A home-grown book about a greedy dog remains a favorite title among young Australian readers.
Australian “Pig The Pug” Beats Voracious Insect In Book Stakes
CANBERRA, Australia — As per a new report, Australian author Aaron Blabey’s “Pig The Pug” has seen off “The Very Hungry Caterpillar” to become the most popular book among a swarm of young Antipodean readers.
The bug-eyed protagonist with an attitude to spare is described in Blabey’s bestselling picture book as “greedy and selfish in almost every way,” which may explain why he delights young readers more than a caterpillar who is merely hungry.
The result is one of many in a report released on July 19, based on the reading habits of more than 57,000 students at 365 schools across Australia and New Zealand in 2020.
“Pig the Pug” was published in 2014, and there are nine books in the series, with the most recent, “Pig the Monster,” due on August 3.
The “Very Hungry Caterpillar” has slipped to fifth place in the Kindergarten-to-year-2 category. It was published in 1969 by American author and illustrator Eric Carle, who died in May, aged 91.
Meanwhile, Australian author, actor, comedian, and artist Anh Do’s “WeirDo 2: Even Weirder!” has retained its spot as the most-read book among boys and girls in year 3.
However, the most-read author across all age categories continues to be American Jeff Kinney (Diary of a Wimpy Kid series), with British phenomenon J.K. Rowling (Harry Potter series) in second place.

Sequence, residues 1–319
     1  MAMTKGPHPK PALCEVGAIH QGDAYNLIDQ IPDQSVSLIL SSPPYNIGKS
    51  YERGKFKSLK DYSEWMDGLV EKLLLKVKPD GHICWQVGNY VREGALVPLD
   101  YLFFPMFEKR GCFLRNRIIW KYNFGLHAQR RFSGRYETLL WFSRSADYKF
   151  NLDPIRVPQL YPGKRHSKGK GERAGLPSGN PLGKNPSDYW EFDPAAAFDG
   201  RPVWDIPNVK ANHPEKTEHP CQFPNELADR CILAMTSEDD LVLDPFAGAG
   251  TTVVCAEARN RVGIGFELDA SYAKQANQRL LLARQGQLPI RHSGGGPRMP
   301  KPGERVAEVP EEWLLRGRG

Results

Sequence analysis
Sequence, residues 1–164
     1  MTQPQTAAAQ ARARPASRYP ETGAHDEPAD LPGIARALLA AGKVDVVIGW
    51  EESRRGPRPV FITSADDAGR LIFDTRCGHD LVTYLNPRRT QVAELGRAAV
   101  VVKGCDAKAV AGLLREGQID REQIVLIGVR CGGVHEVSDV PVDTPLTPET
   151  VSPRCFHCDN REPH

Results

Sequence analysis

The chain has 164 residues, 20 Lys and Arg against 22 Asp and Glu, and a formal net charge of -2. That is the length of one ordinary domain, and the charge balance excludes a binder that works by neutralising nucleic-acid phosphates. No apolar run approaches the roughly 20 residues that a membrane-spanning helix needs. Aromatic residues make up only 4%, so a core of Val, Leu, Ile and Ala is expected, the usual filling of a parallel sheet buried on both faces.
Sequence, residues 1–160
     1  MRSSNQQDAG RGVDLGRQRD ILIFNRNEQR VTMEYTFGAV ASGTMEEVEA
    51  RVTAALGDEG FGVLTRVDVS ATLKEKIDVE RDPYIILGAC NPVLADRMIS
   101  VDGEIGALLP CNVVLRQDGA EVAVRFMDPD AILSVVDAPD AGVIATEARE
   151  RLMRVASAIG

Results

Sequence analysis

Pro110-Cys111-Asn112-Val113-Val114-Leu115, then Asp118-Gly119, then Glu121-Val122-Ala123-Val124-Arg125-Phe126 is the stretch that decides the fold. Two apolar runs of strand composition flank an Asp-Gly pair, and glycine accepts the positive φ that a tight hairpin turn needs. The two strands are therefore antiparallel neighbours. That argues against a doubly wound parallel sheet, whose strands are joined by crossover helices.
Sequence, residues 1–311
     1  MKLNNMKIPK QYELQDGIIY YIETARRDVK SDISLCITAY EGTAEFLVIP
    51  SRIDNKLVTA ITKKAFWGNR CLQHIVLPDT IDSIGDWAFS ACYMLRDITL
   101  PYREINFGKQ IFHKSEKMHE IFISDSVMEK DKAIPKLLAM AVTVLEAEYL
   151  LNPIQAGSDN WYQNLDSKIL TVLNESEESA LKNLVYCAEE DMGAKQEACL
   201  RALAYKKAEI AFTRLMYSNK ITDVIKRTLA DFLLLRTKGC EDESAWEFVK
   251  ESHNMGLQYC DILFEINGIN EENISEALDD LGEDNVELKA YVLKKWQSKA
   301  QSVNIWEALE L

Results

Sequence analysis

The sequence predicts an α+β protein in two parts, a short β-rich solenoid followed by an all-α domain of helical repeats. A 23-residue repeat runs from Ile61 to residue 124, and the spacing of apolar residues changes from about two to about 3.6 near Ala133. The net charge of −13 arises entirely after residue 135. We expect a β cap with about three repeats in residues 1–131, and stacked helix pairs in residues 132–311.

Coming in third, fourth, and fifth place are local authors Sally Rippin (Billie B Brown and Hey Jack! series), Anh Do (WeirDo series), and Andy Griffiths (Just! and Treehouse series).
Prepared by assessment and practice provider Renaissance Learning, “What Kids Are Reading,” summarized the reading habits of 57,551 primary and secondary students in government and non-government schools. The cohort read more than a million books.
For best-selling children’s author Susanne Gervay, who is quoted in the report, a global pandemic has made books “the go-to place for entertainment.”
“With the absence of peer group socialization, sports and group activities, books open a world of imagination, excitement, and discovery,” she said.
“As children seek occupation and amusement, books are there. They have always been there, of course, but in the pandemic, they have become visible.”
Because children often fall in love with characters, book series can engage and sustain a young reader’s attention over months and even years.
As for “The Very Hungry Caterpillar,” Gervay said the classic title will continue to enthrall readers for generations to come.
“You have to love a book that begins with: ‘In the light of the moon, a little egg lay on a leaf.’ This one small line is curious, filled with mystery and possibilities,” she said.
“What will the egg become? It is the basis of all great books. It captures the reader with a search for the answer.”
(Edited by Vaibhav Pawar and Saptak Datta)